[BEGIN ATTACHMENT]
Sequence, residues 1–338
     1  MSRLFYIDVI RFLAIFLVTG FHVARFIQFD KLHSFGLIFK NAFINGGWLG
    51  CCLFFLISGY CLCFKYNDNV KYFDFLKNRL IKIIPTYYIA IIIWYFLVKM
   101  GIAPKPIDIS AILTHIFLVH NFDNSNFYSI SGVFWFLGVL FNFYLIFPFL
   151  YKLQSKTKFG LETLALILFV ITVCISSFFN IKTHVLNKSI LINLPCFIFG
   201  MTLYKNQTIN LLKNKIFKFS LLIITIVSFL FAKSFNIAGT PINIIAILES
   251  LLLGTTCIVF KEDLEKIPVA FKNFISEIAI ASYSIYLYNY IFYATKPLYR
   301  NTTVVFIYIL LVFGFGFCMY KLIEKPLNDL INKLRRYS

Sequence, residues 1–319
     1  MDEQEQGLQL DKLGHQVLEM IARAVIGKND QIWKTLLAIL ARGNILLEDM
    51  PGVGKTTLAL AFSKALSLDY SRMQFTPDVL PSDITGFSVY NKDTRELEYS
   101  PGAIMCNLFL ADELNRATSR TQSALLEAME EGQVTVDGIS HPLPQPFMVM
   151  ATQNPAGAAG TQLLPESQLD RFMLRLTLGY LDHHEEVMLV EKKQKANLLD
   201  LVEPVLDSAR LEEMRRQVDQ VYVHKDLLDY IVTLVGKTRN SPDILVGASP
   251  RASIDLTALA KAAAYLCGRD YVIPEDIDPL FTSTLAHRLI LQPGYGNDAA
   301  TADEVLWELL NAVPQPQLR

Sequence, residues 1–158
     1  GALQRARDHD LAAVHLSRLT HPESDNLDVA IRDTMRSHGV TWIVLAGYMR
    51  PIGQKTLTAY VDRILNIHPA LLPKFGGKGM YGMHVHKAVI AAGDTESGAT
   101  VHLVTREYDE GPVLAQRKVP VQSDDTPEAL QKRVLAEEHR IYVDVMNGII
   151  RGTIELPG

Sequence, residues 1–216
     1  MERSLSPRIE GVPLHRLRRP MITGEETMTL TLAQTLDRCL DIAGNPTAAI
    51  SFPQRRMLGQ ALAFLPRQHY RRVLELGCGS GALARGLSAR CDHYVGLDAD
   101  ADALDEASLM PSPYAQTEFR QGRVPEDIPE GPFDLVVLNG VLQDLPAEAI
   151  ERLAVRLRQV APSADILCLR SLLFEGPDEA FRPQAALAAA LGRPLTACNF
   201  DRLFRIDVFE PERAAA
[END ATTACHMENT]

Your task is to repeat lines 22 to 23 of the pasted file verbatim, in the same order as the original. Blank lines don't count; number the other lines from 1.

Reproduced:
Sequence, residues 1–216
     1  MERSLSPRIE GVPLHRLRRP MITGEETMTL TLAQTLDRCL DIAGNPTAAI